Some years ago, I was a high school English teacher in the US. One of my foremost, and most dreaded, tasks was grading the essays of my students. Before I could even begin to tackle the issues of tone, mood, diction, or logical thought in the essays, I always first had to address the glaring mistakes that made my red ink pen run dry—the grammar. And after these very frustrating grading sessions, I often had to teach grammar in the next lesson to help my students avoid making these mistakes in the future. When I would start the grammar lessons, the students would groan. They hated grammar, mostly because they didn’t understand how or why it mattered. This scenario plays out in a similar way in the foreign language classroom where teaching grammar is paramount to the curriculum. I can even recall my own days of learning Spanish in high school and being forced to conjugate verbs over and over again. Three years of high school Spanish, one year in college, and one year in graduate school and I still struggle to have a conversation in Spanish. Most people attribute this lack of speaking a language, even though you’ve studied it in school, to the emphasis on learning grammar. So what happens as a result? Well, people start hating grammar and blame it for all of their language woes. 

It probably doesn’t come as a surprise that as an English teacher for both native and non-native speakers, I love learning grammar! In fact, learning the grammar is by far my favorite thing about learning a new language. However, I can spend hours upon hours learning it (and I have for Spanish, Portuguese, and now German) but never go from the learning phase to the application phase by actually, you know, speaking. This is the problem that most people have with learning grammar. It is definitely a justified annoyance because focusing on grammar tends to deemphasize the speaking, in an effort to make everything “sound right”.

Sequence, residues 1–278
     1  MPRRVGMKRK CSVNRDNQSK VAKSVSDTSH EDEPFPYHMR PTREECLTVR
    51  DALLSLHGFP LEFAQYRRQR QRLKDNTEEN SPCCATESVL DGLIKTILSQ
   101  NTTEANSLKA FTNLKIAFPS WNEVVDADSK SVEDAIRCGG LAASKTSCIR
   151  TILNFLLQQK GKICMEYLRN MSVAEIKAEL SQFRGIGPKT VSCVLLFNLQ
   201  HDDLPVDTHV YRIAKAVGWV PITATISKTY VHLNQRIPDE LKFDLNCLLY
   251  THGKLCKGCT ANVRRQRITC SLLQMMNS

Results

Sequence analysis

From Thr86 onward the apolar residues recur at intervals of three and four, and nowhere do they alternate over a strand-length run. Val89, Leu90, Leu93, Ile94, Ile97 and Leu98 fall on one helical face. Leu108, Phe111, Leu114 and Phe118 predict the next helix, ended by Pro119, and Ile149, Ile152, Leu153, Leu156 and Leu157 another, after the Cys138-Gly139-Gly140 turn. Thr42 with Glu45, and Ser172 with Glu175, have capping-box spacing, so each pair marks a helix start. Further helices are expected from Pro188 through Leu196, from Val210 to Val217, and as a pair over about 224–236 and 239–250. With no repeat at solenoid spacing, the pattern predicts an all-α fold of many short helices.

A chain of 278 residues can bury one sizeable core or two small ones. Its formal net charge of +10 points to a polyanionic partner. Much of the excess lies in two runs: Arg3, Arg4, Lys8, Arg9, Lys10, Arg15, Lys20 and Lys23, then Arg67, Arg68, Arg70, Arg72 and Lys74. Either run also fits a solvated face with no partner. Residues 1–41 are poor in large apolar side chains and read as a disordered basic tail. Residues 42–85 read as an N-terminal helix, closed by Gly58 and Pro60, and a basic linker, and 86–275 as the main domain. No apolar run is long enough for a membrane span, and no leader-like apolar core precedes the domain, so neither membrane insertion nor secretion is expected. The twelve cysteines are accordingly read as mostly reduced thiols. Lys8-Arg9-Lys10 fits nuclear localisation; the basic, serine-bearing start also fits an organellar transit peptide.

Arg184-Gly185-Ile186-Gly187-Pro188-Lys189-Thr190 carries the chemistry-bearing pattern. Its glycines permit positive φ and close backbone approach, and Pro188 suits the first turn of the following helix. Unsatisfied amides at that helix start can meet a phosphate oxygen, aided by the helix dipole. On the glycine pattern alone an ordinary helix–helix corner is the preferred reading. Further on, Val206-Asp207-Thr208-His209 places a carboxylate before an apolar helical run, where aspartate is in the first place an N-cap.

What exactly is grammar? 

Simply put, grammar is a set of linguistic habits that are constantly being changed and negotiated by speakers of that language. But people usually view it as weird math equations that take too much energy to figure out. Most people believe their time would be much better spent by learning vocabulary. This totally makes sense. You can’t say much if you don’t know words. But that’s a topic for a different day blog. 

However, not observing these linguistic habits could have adverse implications on your intended meaning, such as saying “I go” when you mean “I went”; or saying “Ich bin heiß” instead of “Mir ist heiß”; or even a failure to use the subjunctive mood in Spanish.

Learn like a child? 

The argument that I usually hear about why learning grammar isn’t so necessary is: children are fluent in their languages for years prior to learning the official grammar of that language. This is a valid point. Children are brilliant language learners who can pick up multiple languages with very little frustration or effort. They simply hear and then use it. 

However, I always find it curious that people bring up children in the debate on grammar vs no grammar, mostly because children’s brains are a lot more efficient than adult brains. What I mean by that is—in the first five years of a person’s life they will experience the most brain growth than they ever will again. So it’s not a fair comparison to compare the language learning of a small child to that of an adult who has tons of other things to think about. By their very nature children are pattern-seeking individuals. So they don’t necessarily have to be taught the difference between the present simple and the past simple because their brains can pick up on these linguistic patterns. Children also have very patient listeners who will forgive their grammatical slip-ups and gently (and repeatedly) correct them.

Another criticism I have about people saying small children can speak without learning grammar is—do you really want to sound like a five-year old? Speaking like a five-year old is totally acceptable when you’re starting your language learning journey, but when you’re several years in, you want to demonstrate a more sophisticated way of speaking. Complex grammatical structures is one way we achieve this. 

So, why should we learn grammar?